More techno-wizardry too, with a GPS-linked transmission that will adjust the gear ratios to suit the Ghost’s location, so it’s ready to cope with up or downhill driving before arriving at the location.

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Being a Rolls-Royce, attention to detail is part of the DNA of the Ghost.

Hand-stitched leather with a minimalist approach, says the company, features strongly with “incredibly long and perfectly straight lines”.

Genuine wood trim, wood with open pores, real metal for the air vents that provide that tactile sense of coolness, feature in the cabin.

And of course there are some truly unique options.

Obsidian Ayous showcases “the rich versatility of colours found in lava rock” while Dark Amber “introduces subtle glamour to the interior suite by integrating veins of fine aluminium particles into the dark wood”.

Entering and exiting the Ghost is an experience.

The doors are powered and have a mechanism that allows a passenger to pull the handle twice, hold the handle as the door opens and when the exit space is suitable, releasing the handle stops the door.

A button press will close the doors also.

Passengers will be thoroughly looked after in entertainment and comfort.

A Microenvironment Purification System has the ability to extract the majority of ultra fine particles of dirt or dust or other contaminants in under two minutes.

The system can automatically switch to recirculate if the sensors detect “unacceptable levels of airborne contaminants”.

The Ghost will have its own wi-fi hotspot and rear seat passengers have their own, individual tablets for web browsing, work, or entertainment.

An absolute standout is the interior lighting.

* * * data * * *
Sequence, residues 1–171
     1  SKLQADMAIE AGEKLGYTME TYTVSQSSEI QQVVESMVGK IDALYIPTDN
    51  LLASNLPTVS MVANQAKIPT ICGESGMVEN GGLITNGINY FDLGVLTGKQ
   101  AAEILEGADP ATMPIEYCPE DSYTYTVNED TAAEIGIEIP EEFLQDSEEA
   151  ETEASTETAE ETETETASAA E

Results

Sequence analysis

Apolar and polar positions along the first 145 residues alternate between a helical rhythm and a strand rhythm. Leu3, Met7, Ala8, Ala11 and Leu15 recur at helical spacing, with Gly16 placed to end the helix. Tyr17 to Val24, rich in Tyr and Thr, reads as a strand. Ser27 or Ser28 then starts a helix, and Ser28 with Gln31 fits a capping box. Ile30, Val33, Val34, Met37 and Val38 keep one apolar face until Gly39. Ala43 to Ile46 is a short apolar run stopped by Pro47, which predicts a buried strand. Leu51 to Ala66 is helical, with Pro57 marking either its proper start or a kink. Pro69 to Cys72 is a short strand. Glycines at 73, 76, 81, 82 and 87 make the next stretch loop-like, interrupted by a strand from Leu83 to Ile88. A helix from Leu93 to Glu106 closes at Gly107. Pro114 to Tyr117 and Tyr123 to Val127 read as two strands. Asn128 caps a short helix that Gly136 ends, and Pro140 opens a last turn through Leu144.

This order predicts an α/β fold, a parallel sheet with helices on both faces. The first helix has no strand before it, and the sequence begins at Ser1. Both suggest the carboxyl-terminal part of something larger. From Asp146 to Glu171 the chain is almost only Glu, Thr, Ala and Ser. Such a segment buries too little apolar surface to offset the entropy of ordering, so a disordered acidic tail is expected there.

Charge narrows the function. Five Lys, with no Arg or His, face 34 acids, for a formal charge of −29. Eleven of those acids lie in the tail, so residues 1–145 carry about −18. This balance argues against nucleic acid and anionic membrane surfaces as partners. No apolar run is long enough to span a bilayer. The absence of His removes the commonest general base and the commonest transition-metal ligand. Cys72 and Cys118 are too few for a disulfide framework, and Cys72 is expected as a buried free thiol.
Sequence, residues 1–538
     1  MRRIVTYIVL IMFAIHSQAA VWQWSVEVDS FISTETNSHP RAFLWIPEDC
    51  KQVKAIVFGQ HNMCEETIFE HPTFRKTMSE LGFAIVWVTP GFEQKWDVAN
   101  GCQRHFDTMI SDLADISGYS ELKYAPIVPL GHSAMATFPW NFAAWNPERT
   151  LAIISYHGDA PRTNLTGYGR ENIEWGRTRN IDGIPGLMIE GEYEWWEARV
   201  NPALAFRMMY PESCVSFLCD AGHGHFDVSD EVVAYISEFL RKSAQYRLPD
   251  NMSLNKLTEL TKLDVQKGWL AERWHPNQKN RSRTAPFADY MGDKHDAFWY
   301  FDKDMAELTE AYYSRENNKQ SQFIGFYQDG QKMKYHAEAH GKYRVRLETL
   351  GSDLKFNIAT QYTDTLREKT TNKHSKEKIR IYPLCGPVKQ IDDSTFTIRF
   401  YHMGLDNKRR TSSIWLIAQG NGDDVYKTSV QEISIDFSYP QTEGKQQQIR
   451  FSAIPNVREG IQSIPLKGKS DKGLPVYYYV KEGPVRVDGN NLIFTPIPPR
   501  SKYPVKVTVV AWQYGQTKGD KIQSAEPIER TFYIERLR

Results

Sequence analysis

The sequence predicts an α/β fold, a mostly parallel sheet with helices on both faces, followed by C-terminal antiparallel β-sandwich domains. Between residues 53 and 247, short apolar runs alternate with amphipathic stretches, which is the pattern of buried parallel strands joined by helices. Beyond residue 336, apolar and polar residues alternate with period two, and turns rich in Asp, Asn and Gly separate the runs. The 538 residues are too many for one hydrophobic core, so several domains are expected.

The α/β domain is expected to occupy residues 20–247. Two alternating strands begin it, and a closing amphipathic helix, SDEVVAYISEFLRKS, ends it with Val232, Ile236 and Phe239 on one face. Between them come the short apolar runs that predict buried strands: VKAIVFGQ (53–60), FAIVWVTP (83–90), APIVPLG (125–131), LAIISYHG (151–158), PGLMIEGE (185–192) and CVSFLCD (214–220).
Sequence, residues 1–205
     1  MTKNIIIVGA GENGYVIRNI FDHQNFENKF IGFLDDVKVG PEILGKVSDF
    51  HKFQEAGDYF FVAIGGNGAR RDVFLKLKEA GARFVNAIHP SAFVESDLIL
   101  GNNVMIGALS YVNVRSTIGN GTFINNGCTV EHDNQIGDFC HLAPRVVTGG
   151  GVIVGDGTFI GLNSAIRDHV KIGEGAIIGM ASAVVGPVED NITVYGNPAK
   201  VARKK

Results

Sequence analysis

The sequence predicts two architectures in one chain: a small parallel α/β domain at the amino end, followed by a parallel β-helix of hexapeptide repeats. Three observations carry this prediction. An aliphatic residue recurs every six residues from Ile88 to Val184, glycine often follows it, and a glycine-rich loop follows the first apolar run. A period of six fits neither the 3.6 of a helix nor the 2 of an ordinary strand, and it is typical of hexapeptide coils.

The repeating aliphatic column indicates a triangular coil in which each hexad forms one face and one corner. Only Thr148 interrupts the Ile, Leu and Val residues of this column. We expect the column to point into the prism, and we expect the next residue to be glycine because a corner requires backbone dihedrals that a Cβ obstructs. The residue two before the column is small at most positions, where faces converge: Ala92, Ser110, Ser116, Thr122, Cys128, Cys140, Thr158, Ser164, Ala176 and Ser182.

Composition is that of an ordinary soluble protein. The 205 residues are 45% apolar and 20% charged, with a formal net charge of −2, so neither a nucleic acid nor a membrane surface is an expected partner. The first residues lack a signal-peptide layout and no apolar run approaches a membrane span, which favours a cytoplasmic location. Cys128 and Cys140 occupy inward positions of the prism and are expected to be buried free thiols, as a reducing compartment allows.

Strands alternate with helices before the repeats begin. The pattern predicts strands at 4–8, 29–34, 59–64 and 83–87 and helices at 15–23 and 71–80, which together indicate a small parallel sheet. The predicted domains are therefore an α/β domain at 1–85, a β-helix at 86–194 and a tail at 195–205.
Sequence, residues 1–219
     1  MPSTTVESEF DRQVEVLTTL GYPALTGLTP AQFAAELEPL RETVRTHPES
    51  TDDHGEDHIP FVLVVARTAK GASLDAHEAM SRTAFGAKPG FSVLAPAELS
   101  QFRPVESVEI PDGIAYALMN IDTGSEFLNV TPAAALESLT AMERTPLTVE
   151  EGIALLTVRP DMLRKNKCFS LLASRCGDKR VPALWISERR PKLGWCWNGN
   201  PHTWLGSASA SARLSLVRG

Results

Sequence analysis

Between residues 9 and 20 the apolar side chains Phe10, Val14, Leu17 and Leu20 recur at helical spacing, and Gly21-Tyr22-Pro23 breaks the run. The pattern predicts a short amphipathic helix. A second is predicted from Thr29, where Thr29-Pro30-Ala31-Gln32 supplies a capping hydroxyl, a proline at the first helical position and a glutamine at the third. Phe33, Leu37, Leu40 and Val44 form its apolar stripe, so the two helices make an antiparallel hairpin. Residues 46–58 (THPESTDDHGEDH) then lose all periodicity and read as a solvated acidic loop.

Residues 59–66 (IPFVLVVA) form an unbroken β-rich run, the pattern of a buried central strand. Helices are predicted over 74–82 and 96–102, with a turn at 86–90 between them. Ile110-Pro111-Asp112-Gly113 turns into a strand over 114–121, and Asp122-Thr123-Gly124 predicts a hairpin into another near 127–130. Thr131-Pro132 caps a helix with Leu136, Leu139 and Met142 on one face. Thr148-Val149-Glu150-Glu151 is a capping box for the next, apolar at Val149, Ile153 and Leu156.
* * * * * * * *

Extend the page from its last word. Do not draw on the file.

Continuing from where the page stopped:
The LED-lit Starlight Headlining can be ordered to represent a buyer’s location.

So an Australian buyer can have the Southern Cross feature, or a Russian view the night sky above Moscow or Leningrad.

R-R can even install a shooting star as part of the headlining.

More lights can be found in the passenger side of the dashboard.

The “Illuminated Fascia” has a backlit display showing “Ghost” and a starfield, courtesy of 152 LEDs and more than 90,000 laser-etched dots in the material’s surface.

Naturally one can have this customised.

Along with the expected safety features such as Autonomous Emergency Braking, Adaptive Cruise Control, and a 360 degree camera, the Ghost will have night vision, Head Up Display, and a wildlife warning system.

A starting price of $628,000 reflects what the Ghost represents.

Deliveries are expected to commence in early 2021.


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Dave Conole hails from Perth where he co-hosted a car show on one of the city's major community radio stations. Although he's had formal training in stage, TV, and film, it's his face for radio that gave him his start in the automotive field, both reviewing and motorsport commentary. After moving to Sydney in 2004, Dave has worked for some of Australia's biggest media groups and is the anchor commentator at Sydney Motorsport Park. This has lead to anchoring major events such as the Top Gear Festival (and, no, he didn't get punched by Jeremy).